Is there any preference between using 二万 or 二十千 or does it not really matter???
二十千 is not used in Japanese, just like two ten hundred is not used in English
I like this visual representation of how the Japanese counting system works compared to ours ^^
But in English you can say fifteen hundred, while in Japanese you can’t say 十五百, so it’s not exactly worth comparing English to Japanese here.
I was reminded of this for some reason
Imagine at the store if you ask for Teeen dollars.
Just to point out that this isn’t really done in British English, it’s more of an American thing, so it’s not universal.
It’s done in Swedish! #relevant
That’s good to know!
I’m not a native but from living here I got the impression it was reasonably common in the UK for 1100-1900 (but not higher numbers) and Wikipedia seems to agree.
The 1100-1900 thing is also common in Germany. It’s standard for years but common (while technically incorrect) for everything else.
For more irrelevant facts, languages with a “long scale” (e.g. most of continental Europe; also UK before 1950 or so) kinda group in terms of 6 first and then 3.
1,000,000,000,000 billion (million million has also been used in English)
Also in Dutch! #stillrelevant?
Also in Dutch one trillion is een biljoen (pronounced ‘billioon’). A billion is een miljard (milliard) instead
Slightly more relevant fun fact:
Several absurdly large numbers in Japanese are ambiguous because of typos in the oldest text that introduced them to Japan (from China).
e.g. 恒河沙 can be 10^52 or 10^56
I guess you have to be careful when talking about the number of atoms in the Sun.
I think what plant-chan uses as an example is perfectly valid, The comparison was used to provide to the answer with a practical example so to make it clearer.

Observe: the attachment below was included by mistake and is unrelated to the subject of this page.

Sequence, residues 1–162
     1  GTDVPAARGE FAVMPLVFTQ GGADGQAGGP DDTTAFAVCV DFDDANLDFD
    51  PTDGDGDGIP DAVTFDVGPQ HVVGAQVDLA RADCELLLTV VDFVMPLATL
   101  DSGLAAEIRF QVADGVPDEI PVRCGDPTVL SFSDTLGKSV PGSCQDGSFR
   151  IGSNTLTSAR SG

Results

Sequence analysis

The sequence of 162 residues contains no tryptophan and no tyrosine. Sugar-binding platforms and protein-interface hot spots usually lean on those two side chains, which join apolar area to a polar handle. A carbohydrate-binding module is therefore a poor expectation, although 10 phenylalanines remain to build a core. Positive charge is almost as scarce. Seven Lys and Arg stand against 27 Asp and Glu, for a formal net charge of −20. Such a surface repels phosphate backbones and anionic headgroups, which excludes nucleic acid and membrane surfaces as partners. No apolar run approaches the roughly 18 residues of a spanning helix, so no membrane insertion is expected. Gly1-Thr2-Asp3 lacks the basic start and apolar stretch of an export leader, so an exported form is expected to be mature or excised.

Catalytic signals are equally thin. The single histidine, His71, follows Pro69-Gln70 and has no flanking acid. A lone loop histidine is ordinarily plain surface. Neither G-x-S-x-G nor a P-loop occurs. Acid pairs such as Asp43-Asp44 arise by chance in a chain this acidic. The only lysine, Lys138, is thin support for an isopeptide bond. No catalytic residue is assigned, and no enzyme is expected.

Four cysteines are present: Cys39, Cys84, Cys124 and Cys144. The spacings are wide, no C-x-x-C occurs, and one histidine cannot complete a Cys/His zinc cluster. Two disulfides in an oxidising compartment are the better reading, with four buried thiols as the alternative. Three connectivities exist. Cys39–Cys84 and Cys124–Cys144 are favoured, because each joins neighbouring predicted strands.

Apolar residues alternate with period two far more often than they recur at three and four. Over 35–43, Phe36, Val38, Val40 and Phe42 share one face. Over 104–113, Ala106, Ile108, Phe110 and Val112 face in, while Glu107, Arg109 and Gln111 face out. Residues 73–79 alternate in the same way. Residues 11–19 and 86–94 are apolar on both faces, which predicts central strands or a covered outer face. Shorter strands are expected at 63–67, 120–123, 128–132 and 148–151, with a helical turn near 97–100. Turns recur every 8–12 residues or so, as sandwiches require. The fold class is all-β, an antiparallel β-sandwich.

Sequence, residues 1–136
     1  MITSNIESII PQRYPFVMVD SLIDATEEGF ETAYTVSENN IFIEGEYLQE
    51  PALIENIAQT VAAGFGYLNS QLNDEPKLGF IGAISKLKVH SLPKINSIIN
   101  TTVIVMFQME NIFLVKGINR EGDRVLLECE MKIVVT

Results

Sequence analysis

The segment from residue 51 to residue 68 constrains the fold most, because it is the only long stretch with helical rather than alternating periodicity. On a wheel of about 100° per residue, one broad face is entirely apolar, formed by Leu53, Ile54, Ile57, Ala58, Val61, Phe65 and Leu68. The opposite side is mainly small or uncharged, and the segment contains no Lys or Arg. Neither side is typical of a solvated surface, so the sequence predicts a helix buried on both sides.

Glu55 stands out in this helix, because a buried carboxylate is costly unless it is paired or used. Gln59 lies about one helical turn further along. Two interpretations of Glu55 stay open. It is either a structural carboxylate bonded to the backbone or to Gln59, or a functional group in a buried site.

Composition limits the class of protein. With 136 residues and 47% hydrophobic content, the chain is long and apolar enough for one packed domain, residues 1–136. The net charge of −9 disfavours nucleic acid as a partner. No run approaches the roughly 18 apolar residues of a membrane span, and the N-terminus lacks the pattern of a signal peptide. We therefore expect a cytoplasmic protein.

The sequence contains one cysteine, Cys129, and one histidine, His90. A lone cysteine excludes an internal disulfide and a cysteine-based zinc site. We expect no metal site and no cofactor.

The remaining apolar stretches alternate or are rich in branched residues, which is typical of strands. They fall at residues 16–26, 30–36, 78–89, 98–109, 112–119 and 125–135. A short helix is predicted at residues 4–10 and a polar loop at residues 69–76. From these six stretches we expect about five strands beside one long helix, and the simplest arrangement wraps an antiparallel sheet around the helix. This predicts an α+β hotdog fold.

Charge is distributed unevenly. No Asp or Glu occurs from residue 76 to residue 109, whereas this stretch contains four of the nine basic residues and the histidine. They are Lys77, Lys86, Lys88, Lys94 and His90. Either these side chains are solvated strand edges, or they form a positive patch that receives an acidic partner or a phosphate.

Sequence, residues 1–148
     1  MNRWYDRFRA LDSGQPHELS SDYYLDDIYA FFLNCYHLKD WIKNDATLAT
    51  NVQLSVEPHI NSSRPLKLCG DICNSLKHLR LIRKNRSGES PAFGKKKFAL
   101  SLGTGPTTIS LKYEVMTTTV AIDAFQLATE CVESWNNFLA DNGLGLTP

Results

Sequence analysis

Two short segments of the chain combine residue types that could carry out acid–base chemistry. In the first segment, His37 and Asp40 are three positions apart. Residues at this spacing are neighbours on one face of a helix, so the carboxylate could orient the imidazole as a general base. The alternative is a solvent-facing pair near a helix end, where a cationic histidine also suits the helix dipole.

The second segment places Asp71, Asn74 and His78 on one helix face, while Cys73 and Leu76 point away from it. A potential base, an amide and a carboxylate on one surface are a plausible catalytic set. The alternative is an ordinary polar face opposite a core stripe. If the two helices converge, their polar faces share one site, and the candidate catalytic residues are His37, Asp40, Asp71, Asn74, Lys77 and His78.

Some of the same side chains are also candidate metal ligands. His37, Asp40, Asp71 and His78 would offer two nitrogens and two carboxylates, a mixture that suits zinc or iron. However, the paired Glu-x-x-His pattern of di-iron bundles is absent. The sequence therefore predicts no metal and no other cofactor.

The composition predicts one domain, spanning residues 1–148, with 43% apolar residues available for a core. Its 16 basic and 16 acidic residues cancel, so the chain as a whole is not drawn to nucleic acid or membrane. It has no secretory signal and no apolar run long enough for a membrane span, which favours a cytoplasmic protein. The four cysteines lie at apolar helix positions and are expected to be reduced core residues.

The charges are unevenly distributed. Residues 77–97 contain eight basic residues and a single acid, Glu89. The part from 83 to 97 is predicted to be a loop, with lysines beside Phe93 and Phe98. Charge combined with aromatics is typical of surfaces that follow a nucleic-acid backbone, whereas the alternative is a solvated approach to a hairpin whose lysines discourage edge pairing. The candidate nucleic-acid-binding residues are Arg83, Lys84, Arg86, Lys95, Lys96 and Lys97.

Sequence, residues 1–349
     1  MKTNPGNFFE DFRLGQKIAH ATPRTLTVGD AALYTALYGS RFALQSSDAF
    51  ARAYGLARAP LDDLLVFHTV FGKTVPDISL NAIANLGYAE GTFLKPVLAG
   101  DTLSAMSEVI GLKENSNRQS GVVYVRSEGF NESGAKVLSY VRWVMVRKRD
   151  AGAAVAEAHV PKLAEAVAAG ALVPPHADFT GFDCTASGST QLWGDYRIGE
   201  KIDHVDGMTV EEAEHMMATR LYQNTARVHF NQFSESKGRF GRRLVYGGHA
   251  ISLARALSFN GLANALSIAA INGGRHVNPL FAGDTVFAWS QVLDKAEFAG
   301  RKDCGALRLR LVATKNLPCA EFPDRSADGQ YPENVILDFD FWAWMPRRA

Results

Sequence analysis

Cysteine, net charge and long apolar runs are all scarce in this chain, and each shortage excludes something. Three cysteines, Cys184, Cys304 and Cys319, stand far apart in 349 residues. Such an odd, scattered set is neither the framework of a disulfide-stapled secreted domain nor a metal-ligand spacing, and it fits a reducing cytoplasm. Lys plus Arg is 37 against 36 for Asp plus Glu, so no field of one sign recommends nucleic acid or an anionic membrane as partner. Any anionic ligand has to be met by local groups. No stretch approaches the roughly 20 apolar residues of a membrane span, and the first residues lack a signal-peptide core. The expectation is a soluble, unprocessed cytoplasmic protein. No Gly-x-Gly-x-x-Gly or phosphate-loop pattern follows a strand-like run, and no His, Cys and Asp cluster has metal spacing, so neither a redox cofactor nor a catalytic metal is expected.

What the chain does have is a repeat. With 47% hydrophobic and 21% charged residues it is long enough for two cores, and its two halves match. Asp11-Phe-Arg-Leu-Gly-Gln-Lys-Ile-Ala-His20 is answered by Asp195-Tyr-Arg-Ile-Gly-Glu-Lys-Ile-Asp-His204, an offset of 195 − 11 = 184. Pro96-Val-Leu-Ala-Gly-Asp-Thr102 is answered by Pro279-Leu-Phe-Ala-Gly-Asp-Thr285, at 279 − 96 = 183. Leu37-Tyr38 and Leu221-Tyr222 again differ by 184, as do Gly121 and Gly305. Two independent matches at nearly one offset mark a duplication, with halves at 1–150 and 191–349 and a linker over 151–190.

Of course English is not the same as Japanese, that’s the caveat.
Anyway, i was also curious about if it was correct to say it as in the OPs question
Thanks for pulling up my post from ages ago!
I have never seen or heard anyone in Japan ever use 二十千. I may have seen something like that used in a Japanese textbook for foreigners highlighting the mistake and there’s an incredibly confused Japanese friend/teacher/colleague who thinks for a few minutes puzzling it out, and then says something along the lines of 「スミスさん、did you mean 二万？」(because it’s always スミスさん)
Another question on the topic, is 一千 interchangable with just 千?
Same goes for 一万 and 万, 一億 and 億.
WK includes both versions, so is there a difference in usage?
Also are 一十 and 一百 used or is it just wrong to say/write it like that?
Obligatory YouTube video.
WARNING: contains high levels of stupid
一百 and 一十 aren’t things that exist.
一万 is used almost exclusively over 万
千 is more common than 一千 when talking about 1000 alone, but you do hear 一千, somewhat confusingly, when it’s 一千万. You don’t really hear 千万.
一億 is like 一万